Ok, all agreed, A Wednesday is a great movie by normal Hindi commercial movie standards. There is this fantastic clash between the two titans, Nasseruddin Shah and Anupam Kher. Made me realise how underutilised they are in all the other movies they normally act in. Two fine actors. Great looking and great acting cast. Fast editing, great cinematography. But A Wednesday is a movie I stop a little short from saying "that's a great one".
The first half is beautiful though. The suspense builds up, the background score is great, very professional and all that. But to me, the tempo simply did not remain in the second half. It was...well, not exactly preachy but maybe a tad too idealistic. I thought of Rang de Basanti and that fantastic plan to kill the defence minister, an idealistic solution to the country's corruption. A Wednesday is much more subtle, but too stereotypical for me. Kher, towards the end, talks of how he would never reveal the common man's name because with the name, you tend to recognise the man's religion and subsequently, attach an entire perceived identity and a host of stereotypical ideals to him. But previously, there are the terrorists, all Muslims. That was what irritated me the most.
"Manufactured Consent", Noam Chomsky called it. I love that term because it explains in a phrase the entire hogwash the world is fed with, the explanations that you are forced to read, the thoughts your mind is told to think by the media, the powerful, those others with all vested interests. There is this gross generalisation in the film, the terrorist rants on about "their country and their people and their fight", chiding the police officer of not being on his side. A religion is automatically supposed to give you an entire set of rules on how you are to think, about how you are to perceive your position as regards to the "others".
Isn't that the world view? They are bad, everyone else is good. Watching the movie reminded me strangely of certain intimidating issues. Last week, on assignment, I was passing by this minority populated area. Every few feet, there was a saffron flag with the Om on it. I am a Hindu, by birth. My introduction to even fundamentalism goes back a long way, though i strictly do not subscribe to it. And yet, it intimidated me, made me think of how the others would perceive it. If a white robe, a green shawl, long beard and surma on the eyes could make most people look away or at least inwardly cringe, wouldn't a saffron flag do the same. When it can strangely intimidate a person of the same religion, what would be the effect on the others?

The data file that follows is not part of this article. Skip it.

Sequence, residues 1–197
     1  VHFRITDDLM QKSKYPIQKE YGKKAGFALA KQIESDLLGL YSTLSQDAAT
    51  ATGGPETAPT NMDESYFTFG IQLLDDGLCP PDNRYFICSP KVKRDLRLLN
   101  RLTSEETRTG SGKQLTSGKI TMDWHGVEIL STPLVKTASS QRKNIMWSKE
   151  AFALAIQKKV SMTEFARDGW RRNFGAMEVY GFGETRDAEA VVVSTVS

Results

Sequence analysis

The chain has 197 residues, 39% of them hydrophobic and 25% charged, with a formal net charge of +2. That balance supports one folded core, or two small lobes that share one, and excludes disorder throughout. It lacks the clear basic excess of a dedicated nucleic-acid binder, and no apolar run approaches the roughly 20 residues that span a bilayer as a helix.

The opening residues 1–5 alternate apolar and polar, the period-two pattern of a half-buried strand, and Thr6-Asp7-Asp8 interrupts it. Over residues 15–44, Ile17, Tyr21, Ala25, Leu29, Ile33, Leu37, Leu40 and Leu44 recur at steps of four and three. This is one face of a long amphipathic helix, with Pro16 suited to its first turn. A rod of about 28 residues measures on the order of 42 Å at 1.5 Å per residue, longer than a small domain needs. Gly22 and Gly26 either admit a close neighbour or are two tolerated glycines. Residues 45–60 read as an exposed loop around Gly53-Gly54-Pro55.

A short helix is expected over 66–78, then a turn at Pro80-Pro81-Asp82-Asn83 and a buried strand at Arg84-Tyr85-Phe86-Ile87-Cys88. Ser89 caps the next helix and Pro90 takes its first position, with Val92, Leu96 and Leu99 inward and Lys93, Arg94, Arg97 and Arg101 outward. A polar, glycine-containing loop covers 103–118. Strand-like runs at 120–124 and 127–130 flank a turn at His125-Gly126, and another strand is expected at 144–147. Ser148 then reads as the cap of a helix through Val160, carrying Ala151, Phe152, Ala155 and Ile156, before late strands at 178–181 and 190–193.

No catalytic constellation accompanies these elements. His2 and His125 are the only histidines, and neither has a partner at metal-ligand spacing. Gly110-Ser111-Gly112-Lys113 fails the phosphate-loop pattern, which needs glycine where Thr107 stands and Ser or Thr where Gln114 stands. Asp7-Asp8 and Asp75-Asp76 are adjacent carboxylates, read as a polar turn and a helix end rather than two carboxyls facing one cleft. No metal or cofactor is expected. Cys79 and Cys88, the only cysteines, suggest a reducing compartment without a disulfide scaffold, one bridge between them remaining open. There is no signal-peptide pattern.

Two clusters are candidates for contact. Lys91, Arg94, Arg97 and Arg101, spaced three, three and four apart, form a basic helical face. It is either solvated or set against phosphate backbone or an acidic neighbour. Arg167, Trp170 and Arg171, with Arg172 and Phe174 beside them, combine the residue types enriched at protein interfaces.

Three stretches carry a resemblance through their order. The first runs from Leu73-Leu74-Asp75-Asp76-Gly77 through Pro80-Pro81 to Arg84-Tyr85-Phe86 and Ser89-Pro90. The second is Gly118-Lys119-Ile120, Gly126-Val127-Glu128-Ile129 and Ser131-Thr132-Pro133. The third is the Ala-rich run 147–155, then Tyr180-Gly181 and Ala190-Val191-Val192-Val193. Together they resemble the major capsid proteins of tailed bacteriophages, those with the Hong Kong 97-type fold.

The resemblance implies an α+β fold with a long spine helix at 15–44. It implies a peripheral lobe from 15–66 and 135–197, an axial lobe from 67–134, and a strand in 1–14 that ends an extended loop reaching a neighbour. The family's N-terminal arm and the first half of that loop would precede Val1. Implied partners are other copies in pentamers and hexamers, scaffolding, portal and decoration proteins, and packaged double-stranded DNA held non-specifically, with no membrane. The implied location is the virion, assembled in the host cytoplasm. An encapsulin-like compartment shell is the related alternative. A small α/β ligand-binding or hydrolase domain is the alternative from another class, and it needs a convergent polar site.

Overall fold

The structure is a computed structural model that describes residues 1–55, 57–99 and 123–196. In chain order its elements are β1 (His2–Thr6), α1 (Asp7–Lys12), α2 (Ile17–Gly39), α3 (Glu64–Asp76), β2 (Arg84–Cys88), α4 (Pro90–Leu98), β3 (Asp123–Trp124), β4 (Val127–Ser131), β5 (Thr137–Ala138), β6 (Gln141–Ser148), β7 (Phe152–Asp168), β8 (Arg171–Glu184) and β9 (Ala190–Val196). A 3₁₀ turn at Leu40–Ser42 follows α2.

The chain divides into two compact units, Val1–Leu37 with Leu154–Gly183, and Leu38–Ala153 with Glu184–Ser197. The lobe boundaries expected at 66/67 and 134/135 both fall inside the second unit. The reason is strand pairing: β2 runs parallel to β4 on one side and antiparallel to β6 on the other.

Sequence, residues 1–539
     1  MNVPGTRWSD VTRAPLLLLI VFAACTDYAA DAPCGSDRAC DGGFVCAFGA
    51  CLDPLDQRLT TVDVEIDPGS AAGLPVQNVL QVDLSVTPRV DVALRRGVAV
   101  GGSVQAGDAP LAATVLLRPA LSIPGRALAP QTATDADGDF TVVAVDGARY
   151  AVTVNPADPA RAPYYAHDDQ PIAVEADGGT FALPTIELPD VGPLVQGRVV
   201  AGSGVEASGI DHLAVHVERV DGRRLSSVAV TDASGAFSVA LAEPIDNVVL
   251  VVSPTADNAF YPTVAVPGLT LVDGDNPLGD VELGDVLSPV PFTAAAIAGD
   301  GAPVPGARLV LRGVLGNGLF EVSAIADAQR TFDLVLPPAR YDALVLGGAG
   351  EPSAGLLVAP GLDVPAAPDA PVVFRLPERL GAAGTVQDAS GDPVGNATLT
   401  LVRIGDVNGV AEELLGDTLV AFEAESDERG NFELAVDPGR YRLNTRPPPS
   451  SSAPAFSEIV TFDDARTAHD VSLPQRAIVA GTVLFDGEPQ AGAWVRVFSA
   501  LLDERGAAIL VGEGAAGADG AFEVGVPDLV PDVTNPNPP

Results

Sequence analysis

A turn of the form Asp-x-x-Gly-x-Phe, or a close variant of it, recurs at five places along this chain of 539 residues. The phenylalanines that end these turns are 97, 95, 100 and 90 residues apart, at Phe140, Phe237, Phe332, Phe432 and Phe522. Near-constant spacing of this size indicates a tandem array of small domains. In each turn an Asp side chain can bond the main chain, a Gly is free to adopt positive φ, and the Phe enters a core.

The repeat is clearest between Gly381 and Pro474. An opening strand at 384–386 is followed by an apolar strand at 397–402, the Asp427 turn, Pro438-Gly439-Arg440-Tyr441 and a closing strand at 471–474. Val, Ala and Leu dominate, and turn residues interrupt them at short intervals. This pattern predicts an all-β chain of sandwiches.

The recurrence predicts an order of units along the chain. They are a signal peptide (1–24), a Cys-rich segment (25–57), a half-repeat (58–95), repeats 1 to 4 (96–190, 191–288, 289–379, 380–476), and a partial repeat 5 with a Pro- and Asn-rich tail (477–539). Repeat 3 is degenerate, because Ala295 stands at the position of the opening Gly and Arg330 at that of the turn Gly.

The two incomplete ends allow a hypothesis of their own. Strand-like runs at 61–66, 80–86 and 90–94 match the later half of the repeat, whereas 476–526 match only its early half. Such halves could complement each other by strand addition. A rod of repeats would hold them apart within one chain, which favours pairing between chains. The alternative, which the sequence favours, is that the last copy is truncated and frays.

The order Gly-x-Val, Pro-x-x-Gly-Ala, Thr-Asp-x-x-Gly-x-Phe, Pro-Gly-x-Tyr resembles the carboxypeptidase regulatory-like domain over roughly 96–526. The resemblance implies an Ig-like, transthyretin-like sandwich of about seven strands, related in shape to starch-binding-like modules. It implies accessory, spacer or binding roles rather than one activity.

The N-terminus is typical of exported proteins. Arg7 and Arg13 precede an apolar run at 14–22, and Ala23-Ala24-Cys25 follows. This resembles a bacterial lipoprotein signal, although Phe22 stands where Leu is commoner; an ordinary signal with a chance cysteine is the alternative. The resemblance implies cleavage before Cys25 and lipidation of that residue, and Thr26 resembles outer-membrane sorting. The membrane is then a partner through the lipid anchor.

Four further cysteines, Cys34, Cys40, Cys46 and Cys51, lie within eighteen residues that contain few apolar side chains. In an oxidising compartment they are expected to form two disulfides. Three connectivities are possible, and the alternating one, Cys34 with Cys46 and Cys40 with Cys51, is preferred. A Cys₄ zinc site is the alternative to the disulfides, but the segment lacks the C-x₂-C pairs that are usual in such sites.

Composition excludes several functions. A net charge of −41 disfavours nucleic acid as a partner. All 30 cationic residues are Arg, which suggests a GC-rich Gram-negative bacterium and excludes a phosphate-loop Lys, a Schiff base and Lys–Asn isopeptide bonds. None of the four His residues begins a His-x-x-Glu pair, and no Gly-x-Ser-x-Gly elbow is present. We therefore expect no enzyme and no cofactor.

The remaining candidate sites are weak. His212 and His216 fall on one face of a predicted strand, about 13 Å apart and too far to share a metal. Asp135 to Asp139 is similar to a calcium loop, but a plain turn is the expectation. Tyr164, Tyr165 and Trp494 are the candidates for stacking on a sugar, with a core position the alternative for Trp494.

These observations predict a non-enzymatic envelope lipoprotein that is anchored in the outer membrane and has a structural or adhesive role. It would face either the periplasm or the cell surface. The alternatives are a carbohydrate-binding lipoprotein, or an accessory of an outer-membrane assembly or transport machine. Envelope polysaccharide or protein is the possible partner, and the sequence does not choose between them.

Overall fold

I generally avoid the issue of religion. This is one topic you can never really get right. You can only be politically incorrect. I have never been religious either. At best, I believe in God, at my worst, I forget to remember God. Am I secular? Not always. There are times I cringe too, and I write this with a tinge of disgust, on myself, for being part of that manufactured consent on what I am supposed to think. But that engineering of views that remodels itself every few decades and sets the agenda for the policies and opinions you have on people other than your own selves is something that you cannot really escape from. Isn't it easy, an act of terrorism, blame it on fundamentalism. The 'ism's that crop up are the perfect excuse its perpetrators have to explain their actions to the world and in a way justify them. We all do that. We cringe, nod our heads in silent consent at the typifying of actions, of dastardly acts.
We walk out of a movie, all praise, technically great, yes, but a consent factory still. Silently views we are supposed to see the people of the world are reiterated. It is too subtle to note. Yet manufacturing consent is that continuous process, the survival of the greats of the world, the strength of absolute power and subsequent corruption depends on this. I refuse to think the way I am told to. And yet, I manufacture consent. Doesn't that make them the winners?